Housemate ground rules
Living with other people can be a nightmare sometimes – especially when it comes to cleaning and noise. Here’s how to set some housemate ground rules, so you’re not stuck swearing under your breath while scrubbing their skid marks.
Issue 1: Cleaning and tidying
Whether you’re working full time, studying or working from home, living with more than one person can lead to a build up of bathroom mildew, dirty dishes and criminally huge dust balls.
Ground rule 1: If you make a mess, clean it up.
It sounds simple but it’s a rule that’s easily ignored. That means no dirty undies on the floor after showering too. Also try and set up a cleaning rota to ensure the house gets a deep-clean at least once a week. This stops the place turning into a cesspit, without taking up too much of your time.
Issue 2: Bad habits
We’ve all got them. Picking your toenails and leavings piles of them on the floor. Shaving your beard all over the sink. Blasting music early in the morning. Whatever your vice is, chances are it’s going to annoy someone.
Ground rule 2: Before you move in, stop and think about what your dirty habits are. Imagine if the tables were turned. If you would feel revolted at the idea of someone doing that near you then don’t do it yourself.
If your housemates filthy habit is really getting your back up, simply sit down and talk to them about it. It’s much easier to get it sorted rather than seething in silence whenever they leave their hair in the plughole. Chances are they didn’t even realise what they were doing and the impact it was having.
Issue 3: Social interactions
This one can be a deal breaker. If one of you is partial to late night weeknight drinking sessions, it can become hell within four walls. On the other hand, constantly tiptoeing around noise-obsessed housemates can be a pain.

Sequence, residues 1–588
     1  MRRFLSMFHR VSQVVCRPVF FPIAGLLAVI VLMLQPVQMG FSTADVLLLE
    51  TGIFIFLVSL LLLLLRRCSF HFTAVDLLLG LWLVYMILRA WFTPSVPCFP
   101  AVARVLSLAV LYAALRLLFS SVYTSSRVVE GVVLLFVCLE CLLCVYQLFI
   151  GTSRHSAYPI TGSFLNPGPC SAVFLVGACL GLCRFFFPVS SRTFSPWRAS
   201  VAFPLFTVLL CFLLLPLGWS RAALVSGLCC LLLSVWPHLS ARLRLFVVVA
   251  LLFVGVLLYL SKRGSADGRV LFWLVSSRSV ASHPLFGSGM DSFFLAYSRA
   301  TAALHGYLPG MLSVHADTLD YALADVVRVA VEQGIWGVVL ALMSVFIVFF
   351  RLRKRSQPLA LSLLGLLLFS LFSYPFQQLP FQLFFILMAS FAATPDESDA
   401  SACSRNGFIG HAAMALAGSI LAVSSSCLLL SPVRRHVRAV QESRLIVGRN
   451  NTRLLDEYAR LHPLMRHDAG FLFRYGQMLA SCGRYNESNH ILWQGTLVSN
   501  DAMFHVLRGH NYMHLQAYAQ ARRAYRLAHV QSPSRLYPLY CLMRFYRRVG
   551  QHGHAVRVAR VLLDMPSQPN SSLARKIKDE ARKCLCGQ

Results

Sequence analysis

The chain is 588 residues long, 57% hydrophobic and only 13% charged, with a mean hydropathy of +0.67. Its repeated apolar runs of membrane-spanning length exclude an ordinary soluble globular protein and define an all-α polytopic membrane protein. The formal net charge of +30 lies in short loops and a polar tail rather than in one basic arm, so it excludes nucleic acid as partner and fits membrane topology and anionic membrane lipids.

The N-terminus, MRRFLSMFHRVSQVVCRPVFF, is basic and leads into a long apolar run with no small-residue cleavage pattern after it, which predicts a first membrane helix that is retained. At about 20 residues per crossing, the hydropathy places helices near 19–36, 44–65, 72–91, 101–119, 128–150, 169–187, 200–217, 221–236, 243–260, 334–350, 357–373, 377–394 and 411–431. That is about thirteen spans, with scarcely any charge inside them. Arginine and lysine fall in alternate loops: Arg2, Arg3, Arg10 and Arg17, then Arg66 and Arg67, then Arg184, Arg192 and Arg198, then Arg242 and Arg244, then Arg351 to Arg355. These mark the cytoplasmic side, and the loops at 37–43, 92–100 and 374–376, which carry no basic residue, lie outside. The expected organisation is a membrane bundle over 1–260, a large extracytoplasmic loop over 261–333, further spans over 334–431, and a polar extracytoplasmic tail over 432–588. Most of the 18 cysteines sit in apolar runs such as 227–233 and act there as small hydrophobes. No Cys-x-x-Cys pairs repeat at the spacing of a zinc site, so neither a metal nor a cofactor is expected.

Ground rule 3: Establish a weeknight curfew you all agree on.
Weekends are more fair-game, unless one of you works shiftwork. This issue is all about respect and communication and it’s good to determine a curfew before moving in. It’s much easier to not move into a house full of dubstep lovers than try and control their volume one you’ve signed a rental agreement with them.
Issue 4: Food
Nothing is more annoying than coming home to find your housemate has eaten your leftover Chinese. That said, we all hate housemates who lock themselves in their room with their biscuit tin so they don’t have to share. After all, sharing is caring.
Ground rule 4: Make a list of food you’re all happy to share, as well as a change pot.
If each of you chip in a pound per week, that should be enough for the essentials such as milk, butter, teabags etc. Take turns each week buying what is needed. Then assume the rest of the food is out of bounds. This should hopefully help avoid the dreaded game of passive-aggressive post it notes.
Issue 5: Household goods
A similar issue to food – who’s turn is it to buy the loo roll? Without any ground rules, martyr-like behaviour towards buying washing-up liquid, bin bags and other essential household products can escalate into hellish situations.
Ground rule 5: Make a household goods change pot.
Each chip in another pound per week, next to a sheet of paper and pen on the fridge. When something runs out, dip into the change pot and make a note of it on the paper. You’ll have a lot of change pots when you’re done with this article but it’ll be worth it.
So, is that everything then?
These rules are just a starting point. You can change and adapt them according to your own personal needs. The key skill for getting along with housemates is communication, and hopefully the above should start off some conversations. Talk openly and establish the rules before or when you move in and it should result in a peaceful household.
You can find out more about shared housing on Shelter Scotland’s blog, here.
- Moving out can be full of surprises. Log into The Mix's Your Voices area and share your tales of living independently.
- Moving out for the first time? Get the real Home Truths.
- Chat about this subject on our Discussion Boards.
- Need help but confused where to go locally? Download our StepFinder iPhone app to find local support services quickly.
By Daisy Phillipson
Updated on 09-Nov-2015
Photo by Shutterstock
I emigrated to England
Ornella moved to the UK from her home in Belgium
Who do I need to tell when I move house?
Grab a pen and paper, you have a list to make.
Am I homeless?
What does it mean to be legally homeless?
Moving into social housing checklist
Everything you need to know before you move in
5 tips for choosing the right student house for you
Rushing to bag your student house for next year? Read ...